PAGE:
I met Zeke Howard (Mimicking Birds Management), Chris Robbins (Post-Hoc Management in NYC, the guys who manage Youth Lagoon), Philip Cosores (Editor for Consequence of Sound), Jared Mees (Tender Loving Empire label in Portland), and Matt Jones (Publicist for Terrorbird Media). While at first it was scary for my introverted-self to go up and introduce myself to them, I was so happy that I did. I went up to each of them and said “I wanted to say thank you for doing these panel discussions. Here’s a download card of my single and a business card.” And that opened up the conversation and allowed me to get to talk about music with them. For instance, Kyle Bylin researches how people consume new music and the latest trends in the music technology. I know. I was fascinated too. When I talked to him, he gave me a list of books I should read about the music business and told me about a book he wrote as well (this one: http://www.amazon.com/Promised-Land-Disruptive-Startups-Revolution-ebook/dp/B00MOZDNMQ/ref=la_B00O5GKQD6_1_1?s=books&ie=UTF8&qid=1459778374&sr=1-1. When I talked to Jared Wees, I asked if I could invite him out to a live show in Portland sometime when I play there, and he gave me his business card and we talked about Typhoon, an artist that used to be on Tender Loving Empire. And lastly, talking with Matt Jones, a publicist from Boise who worked with Terrorbird Media, was so incredible. I mentioned how I had actually emailed his company the week before, and he said that the rest of his team mentioned me and said that I was playing at Treefort. I told him about my dreams of going on tour and making music my career, he said that he would look over my music with his team Monday morning. It’s such a great feeling when you meet someone who is as passionate about what you do as you are. Needless to say, I was blown away by how genuinely nice he was.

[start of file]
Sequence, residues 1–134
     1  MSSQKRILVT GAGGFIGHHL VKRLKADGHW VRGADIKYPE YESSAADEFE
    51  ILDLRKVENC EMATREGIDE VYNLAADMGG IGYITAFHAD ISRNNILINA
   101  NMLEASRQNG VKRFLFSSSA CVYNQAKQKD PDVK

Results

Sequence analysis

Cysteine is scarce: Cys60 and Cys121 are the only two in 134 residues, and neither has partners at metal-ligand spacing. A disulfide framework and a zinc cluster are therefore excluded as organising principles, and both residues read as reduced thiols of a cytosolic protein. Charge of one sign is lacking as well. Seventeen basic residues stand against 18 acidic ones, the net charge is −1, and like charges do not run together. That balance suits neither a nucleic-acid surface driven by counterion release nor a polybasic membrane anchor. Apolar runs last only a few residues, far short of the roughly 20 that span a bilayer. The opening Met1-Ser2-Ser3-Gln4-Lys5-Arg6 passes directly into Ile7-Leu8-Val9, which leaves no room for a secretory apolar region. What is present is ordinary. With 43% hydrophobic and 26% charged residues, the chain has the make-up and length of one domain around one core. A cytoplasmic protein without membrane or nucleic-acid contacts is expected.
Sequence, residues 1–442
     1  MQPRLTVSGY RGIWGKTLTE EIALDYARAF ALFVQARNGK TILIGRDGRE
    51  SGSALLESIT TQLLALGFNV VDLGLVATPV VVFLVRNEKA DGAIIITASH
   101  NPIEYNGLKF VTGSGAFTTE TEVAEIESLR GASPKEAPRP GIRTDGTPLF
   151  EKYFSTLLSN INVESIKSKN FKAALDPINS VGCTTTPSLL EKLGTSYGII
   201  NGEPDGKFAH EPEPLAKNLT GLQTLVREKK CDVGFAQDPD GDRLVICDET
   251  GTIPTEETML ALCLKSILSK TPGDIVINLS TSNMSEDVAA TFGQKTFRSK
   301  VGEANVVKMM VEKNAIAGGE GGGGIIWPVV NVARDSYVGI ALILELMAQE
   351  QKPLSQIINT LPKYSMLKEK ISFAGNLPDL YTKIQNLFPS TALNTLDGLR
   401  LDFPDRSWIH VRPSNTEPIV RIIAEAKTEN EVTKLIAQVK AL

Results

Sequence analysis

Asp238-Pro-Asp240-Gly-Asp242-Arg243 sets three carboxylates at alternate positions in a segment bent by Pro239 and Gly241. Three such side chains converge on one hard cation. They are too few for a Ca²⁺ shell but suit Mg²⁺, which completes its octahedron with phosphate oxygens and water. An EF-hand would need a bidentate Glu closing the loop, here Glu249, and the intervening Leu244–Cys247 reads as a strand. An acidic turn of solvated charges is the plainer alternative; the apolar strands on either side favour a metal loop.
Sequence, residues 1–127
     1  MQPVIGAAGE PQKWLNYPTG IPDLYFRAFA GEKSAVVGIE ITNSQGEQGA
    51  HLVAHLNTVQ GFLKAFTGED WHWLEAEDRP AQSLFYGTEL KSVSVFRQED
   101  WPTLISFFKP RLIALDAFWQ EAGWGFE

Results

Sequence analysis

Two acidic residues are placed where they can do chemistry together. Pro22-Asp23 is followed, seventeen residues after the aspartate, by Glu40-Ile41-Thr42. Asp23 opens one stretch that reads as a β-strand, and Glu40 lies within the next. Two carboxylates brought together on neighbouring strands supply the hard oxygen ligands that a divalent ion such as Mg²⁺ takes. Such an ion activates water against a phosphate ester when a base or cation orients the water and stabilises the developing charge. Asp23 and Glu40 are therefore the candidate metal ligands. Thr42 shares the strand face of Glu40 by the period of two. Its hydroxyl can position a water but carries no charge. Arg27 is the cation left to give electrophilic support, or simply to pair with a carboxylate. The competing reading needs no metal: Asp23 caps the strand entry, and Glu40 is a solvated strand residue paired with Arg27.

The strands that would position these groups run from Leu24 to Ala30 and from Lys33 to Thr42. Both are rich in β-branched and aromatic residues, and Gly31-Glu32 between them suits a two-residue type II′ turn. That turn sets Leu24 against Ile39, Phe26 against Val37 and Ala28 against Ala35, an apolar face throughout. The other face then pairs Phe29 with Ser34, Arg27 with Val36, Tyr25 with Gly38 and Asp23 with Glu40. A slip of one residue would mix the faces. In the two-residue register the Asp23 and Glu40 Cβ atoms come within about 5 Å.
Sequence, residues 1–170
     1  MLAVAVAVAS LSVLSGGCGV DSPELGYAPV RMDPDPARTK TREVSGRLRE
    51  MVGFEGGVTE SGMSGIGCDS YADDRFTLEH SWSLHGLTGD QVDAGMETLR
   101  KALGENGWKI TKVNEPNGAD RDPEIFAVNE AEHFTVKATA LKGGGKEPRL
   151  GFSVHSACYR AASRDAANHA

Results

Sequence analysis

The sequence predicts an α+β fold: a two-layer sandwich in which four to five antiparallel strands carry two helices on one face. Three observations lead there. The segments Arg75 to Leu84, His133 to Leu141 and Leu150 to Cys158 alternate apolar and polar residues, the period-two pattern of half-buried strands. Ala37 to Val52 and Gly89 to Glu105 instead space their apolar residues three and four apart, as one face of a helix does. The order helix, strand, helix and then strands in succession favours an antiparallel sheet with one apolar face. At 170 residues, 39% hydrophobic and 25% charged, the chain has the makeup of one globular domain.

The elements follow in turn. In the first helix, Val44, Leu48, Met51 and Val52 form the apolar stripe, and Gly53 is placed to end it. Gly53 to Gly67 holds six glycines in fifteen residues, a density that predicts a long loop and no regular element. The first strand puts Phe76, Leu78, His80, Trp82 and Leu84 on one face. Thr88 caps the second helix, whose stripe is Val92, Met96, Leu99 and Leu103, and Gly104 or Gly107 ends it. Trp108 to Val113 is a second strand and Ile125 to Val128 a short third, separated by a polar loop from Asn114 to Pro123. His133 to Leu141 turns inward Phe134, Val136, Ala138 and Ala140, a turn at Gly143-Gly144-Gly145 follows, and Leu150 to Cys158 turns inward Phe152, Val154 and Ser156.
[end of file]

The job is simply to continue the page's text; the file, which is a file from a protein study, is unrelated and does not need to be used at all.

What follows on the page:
After leaving the panel discussion room on the second floor of the Owyhee building, I felt a huge sense of accomplishment for reaching out to all of the panelists and felt excited about the opportunities that might come from the knowledge I gained in that room. In that moment, I was closer to realizing and living the dream than I was a few hours before.

 

Side note: check out http://analete.com for live videos, photos, a music blog, to join my email list if you want, and to follow me on all facets of social media (Bandsintown (a great app for knowing about live shows in the area), Facebook, Twitter, Spotify, Instagram, etc.)

And just a heads up: I will be be performing at a benefit concert with Marshall Poole and others on Saturday, April 23rd on behalf of Mitch Kelley of the Birdstop. On May 7th, I will be performing 2-3 original songs and briefly discussing my songwriting process/influences for the student research conference.